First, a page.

sempai, "push" email delivery to symbiam devices could have been achieved even earlier through 3rd party apps. So just because someone could do push email doesn't make blackberry solution go away just like iPods are not going away because you can play music on a cell phone.

And by the way this topic should have been somewhere else I would think. Why is it "Rumor Mill"?
Because SP2 isn't out yet?

And yes, several offerings outside the US and Canada existed for Symbian to do push/push-like email. Problem is, they've been absent from the US market. In fact, a few of them refuse you service if you're in the United States! I believe it was "Duality" or "Smartner" that I had to tell them I lived in France.

At any rate, the iPod experience is vastly superior to any other portable music player. Are you saying that the experience on a BlackBerry is worth a premium?

I don't know that it is - the devices themselves are un-inspired and don't provide you with nearly as many features as other devices - are people going to go pay a premium for that?
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Old 07-06-2005, 09:37 AM   #5 (permalink)
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I still see no mention of Task, Calendar or Contact synchronization wirelessly.

Nothing exciting here, just someone PUSHING a Micro$oft solution.



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Old 07-06-2005, 11:35 AM   #6 (permalink)
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Tasks, Calendars, and Contacts wirelessly sync, along with email, on Symbian devices.

You not have read what I posted. The killer application here though is that wireless email being pushed to j2me midp2 devices. Fantastic.

I'm not "pushing" anything. I don't like Exchange, and I don't like MS. It is exciting that people can offer the BlackBerry experience while still allowing users to have choice on what handsets they use.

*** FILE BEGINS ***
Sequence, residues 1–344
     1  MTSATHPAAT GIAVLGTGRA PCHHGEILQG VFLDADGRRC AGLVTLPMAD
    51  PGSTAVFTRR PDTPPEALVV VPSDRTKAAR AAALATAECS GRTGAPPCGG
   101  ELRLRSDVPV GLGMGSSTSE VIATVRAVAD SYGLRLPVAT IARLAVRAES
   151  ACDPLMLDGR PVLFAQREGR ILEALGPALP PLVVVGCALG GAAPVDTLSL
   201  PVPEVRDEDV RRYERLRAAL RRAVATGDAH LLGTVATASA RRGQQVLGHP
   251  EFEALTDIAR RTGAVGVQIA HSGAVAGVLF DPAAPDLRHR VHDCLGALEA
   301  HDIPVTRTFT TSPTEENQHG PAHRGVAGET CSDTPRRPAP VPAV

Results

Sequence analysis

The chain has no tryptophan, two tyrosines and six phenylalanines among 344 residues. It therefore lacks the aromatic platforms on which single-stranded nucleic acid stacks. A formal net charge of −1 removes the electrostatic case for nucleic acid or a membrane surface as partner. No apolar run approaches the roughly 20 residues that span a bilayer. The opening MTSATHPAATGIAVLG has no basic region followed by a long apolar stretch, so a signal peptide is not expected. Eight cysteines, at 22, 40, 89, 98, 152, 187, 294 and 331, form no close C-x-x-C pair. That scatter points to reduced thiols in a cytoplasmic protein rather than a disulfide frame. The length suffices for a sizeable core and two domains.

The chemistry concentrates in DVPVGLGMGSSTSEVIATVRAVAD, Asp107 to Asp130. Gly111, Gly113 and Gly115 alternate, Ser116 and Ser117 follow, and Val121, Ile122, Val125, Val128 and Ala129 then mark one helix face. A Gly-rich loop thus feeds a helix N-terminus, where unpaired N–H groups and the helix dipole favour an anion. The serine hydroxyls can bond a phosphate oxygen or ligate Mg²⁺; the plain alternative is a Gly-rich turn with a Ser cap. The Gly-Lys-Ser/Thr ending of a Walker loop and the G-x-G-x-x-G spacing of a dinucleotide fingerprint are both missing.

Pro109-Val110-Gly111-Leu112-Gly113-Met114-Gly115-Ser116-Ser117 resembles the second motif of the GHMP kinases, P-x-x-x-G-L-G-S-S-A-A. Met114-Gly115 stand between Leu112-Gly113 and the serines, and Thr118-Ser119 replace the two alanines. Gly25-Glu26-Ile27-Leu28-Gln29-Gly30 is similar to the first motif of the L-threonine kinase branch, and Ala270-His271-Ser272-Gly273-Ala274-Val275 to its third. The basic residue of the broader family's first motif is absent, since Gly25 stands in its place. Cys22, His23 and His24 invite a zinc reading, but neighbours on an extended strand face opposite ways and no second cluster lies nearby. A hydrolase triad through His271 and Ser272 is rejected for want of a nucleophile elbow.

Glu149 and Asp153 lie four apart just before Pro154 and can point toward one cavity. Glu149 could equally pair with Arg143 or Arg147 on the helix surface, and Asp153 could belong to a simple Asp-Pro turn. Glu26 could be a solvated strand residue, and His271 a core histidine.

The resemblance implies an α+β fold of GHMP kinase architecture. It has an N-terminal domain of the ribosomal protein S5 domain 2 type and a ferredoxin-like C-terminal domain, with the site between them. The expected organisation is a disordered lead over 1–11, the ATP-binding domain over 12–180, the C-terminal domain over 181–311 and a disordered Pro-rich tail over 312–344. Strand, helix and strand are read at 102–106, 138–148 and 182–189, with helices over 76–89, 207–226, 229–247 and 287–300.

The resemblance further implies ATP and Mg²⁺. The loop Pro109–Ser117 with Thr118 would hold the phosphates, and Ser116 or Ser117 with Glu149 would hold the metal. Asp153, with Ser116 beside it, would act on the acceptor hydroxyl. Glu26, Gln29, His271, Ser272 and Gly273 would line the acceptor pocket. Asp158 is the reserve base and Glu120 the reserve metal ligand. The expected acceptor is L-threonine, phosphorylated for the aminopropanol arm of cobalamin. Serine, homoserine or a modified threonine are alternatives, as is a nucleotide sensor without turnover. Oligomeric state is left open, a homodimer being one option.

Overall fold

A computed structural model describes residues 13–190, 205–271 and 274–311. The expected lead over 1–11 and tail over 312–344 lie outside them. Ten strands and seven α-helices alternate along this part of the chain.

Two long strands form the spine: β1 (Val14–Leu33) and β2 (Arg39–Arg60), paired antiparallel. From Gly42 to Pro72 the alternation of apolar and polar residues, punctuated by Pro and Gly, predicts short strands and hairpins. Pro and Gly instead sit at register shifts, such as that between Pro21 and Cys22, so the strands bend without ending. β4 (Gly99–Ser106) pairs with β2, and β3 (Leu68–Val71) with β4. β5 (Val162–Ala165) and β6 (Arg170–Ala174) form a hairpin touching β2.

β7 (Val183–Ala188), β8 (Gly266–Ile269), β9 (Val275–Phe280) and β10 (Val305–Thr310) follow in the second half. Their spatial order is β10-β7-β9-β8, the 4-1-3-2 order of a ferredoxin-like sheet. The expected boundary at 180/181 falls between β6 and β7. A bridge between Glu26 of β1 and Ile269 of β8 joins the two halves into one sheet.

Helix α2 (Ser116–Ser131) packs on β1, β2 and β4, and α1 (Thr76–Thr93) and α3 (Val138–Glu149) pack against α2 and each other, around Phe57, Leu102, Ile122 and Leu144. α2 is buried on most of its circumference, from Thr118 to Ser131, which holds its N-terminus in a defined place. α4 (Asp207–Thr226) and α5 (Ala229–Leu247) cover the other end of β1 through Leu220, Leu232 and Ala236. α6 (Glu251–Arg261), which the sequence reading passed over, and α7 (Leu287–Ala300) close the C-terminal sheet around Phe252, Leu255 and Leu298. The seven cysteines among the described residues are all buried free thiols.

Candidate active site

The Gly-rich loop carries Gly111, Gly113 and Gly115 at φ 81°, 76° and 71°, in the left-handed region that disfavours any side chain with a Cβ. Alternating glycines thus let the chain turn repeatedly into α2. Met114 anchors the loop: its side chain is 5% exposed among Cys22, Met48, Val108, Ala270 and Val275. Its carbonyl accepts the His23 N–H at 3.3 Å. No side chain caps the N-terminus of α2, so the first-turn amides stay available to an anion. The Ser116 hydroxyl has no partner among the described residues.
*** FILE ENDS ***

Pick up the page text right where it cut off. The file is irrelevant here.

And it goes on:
It is a very small market of people that actually prefer the BlackBerry hardware - the applications are what sell the devices, not that they're frisbee-shaped and ugly.

The reason people buy a BlackBerry is to wirelessly get email, and sync their calendars and appointments and contacts.

Now that you don't need a BlackBerry to do that - and can do it as well - what will users do?

I don't exactly have a record of being a shill for Microsoft - I think anyone using Windows is a chump.
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Old 07-06-2005, 04:34 PM   #7 (permalink)
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Can I acces my SAP applications via ActiveSync? Currently we have numerous SAP applications that are utilizing MDS from BES, Doctor Stat orders, Field inspections, and other various apps. All running SECURELY on MDS.


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Old 07-06-2005, 06:09 PM   #8 (permalink)
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Those will argue that you don't need activesync to access 3rd party application data on the internet because you have a native tcp/ip stack. However BlackBerry provides end-to-end security for internal network applications. You can't access in this method on microsofts model, and application developers are required to develope their own security models.
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Old 07-07-2005, 03:11 AM   #9 (permalink)
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Quote:
Originally Posted by T-Roy
and application developers are required to develope their own security models.
or use the buildt in vpn
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Old 07-07-2005, 07:51 AM   #10 (permalink)